People Who Grew Up Poor Are Sharing The Things They Considered Luxuries

When you grow up poor, a lot of things that others take for granted can feel like luxuries: taking vacations, having functioning appliances, new clothes, and even a door to your room.

On Reddit, people who grew up financially disadvantaged are sharing the things they considered luxuries as well as the complicated emotions that still accompany them when they go to purchase items such as clothing.

Also, some people are just honestly complete jerks to mock children who have no control over their financial situation—and those reactions stay with them, too.  


“Going places during school vacation. The kids would be all like ‘what!? you’ve never been to xyz amusement park!?’ No, Trisha. My family doesn’t even have a car. Which is another luxury to me.” — lillithfair4


“Being allowed to turn on the heat during the winter, and also being able to hire a professional to fix broken appliances, plumbing, etc.” — theabsoluteunit420


“Our oven broke twice and our landlord refused to fix it. We couldn’t afford the repair costs for it, so used the stove only. The oven was only for ‘special occasions’ and if you managed to get it working. I’m still surprised when my oven turns on and I go to other places and people just be using their ovens willy-nilly.” — heavenlyangle


“My Mom had 7 children in 10 years, 1950-1960. I remember having a whole bottle (those smallish glass ones that came out of the machine for 10cents) of soft drink to my self instead of sharing 1 bottle between all 7 of us. I was perhaps 5 years old. I still remember this as the best thing ever.” — someonesgoat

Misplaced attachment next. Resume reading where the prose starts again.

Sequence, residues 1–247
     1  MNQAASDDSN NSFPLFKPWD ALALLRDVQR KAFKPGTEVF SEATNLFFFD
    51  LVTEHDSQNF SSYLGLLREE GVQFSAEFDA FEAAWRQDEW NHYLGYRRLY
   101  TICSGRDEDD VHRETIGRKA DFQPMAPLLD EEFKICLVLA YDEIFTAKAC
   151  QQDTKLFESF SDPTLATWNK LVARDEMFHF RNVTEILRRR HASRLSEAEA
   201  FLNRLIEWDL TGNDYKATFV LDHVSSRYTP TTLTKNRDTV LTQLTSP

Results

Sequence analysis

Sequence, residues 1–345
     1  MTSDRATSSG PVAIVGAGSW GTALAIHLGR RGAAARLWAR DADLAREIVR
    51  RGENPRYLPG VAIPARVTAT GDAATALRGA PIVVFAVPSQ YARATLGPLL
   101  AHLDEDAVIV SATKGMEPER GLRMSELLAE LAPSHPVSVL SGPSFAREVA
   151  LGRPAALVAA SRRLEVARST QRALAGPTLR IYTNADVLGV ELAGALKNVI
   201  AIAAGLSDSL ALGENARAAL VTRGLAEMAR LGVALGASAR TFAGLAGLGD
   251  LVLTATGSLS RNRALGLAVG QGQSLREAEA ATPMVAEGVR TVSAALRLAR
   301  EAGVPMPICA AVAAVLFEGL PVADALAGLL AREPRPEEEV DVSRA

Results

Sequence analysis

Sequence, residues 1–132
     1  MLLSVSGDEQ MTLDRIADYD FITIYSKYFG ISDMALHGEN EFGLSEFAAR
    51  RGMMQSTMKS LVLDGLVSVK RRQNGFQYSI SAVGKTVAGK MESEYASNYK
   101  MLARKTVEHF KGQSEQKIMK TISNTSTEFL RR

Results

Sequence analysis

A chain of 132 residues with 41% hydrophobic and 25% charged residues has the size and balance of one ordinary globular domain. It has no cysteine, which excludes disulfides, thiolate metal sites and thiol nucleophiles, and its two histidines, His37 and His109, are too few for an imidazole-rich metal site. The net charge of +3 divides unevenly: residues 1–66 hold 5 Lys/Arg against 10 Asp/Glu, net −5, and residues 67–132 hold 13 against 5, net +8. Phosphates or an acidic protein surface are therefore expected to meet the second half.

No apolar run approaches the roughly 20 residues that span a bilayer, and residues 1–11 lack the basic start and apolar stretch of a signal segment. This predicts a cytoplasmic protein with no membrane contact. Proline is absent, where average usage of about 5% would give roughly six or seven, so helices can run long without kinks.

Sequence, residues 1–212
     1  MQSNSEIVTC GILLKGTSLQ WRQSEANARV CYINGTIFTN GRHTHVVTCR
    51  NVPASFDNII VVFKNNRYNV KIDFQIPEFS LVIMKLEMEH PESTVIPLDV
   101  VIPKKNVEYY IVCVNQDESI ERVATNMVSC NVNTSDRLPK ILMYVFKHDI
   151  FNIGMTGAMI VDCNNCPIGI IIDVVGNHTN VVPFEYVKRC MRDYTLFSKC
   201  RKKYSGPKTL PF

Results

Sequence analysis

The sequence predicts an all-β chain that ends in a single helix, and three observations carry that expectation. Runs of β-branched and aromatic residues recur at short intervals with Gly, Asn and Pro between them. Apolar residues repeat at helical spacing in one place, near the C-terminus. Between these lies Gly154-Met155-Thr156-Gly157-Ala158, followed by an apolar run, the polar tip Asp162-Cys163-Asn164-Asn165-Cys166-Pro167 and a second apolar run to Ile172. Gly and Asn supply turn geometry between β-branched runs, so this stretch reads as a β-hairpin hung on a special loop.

“Parents staying home. I was always alone.” — Public_Personality_2


“I got pretty excited to be given my own bed.” — TheRavingRaccoon


“Staying at someone’s house who wasn’t poor, like a relative or friend. Their house was also so clean, beautiful, pictures on the wall, knick knacks on the counter, and carpet you could play on because it was clean. I spent my entire teenage years hiding where I lived.” — smashingpumpkinspice


“A hot shower. Cold showers were always available, but when you scraped enough cash to get some diesel fuel and get the burner to kick on long enough to have a hot shower man, absolutely nothing better.” — imthescubakid


“New clothes. I grew up pretty poor (no TV, no toys, but had a Sears catalog). My dad got in a serious accident when I was in 4th grade and almost lost his life. He won a small settlement from the community college he was working at and I was able to buy new clothes for the first time in my life. Before this all I ever had were hand me downs from my cousin and donation clothes from the church. Most were worn to the point of having patches on the knees. The worst part about getting new clothes for the first time is I felt terrible the whole time picking out new clothes because I always felt like a financial burden to my parents. I remember going to Miller’s Outpost and picking out typical 80’s clothes (OP, TnC, etc.). It’s funny how growing up poor affects my everyday choices, for better or worse. I’ll never outgrow some of the feelings I had as a poor kid and I feel for any kid who has to endure a childhood of poverty. It will affect them and their choices for the rest of their life.” — pewpewdeez


“Honestly didn’t know that pasta roni was 1$ until I was a grown ass man. I thought that was some gourmet shit.” — debtincarnate

Patricia Grisafi

Patricia Grisafi, PhD, is a freelance writer and educator. Her work has appeared in Salon, Vice, Bitch, Bustle, Broadly, The Establishment, and elsewhere. She is passionate about pit bull rescue, cursed objects, and designer sunglasses.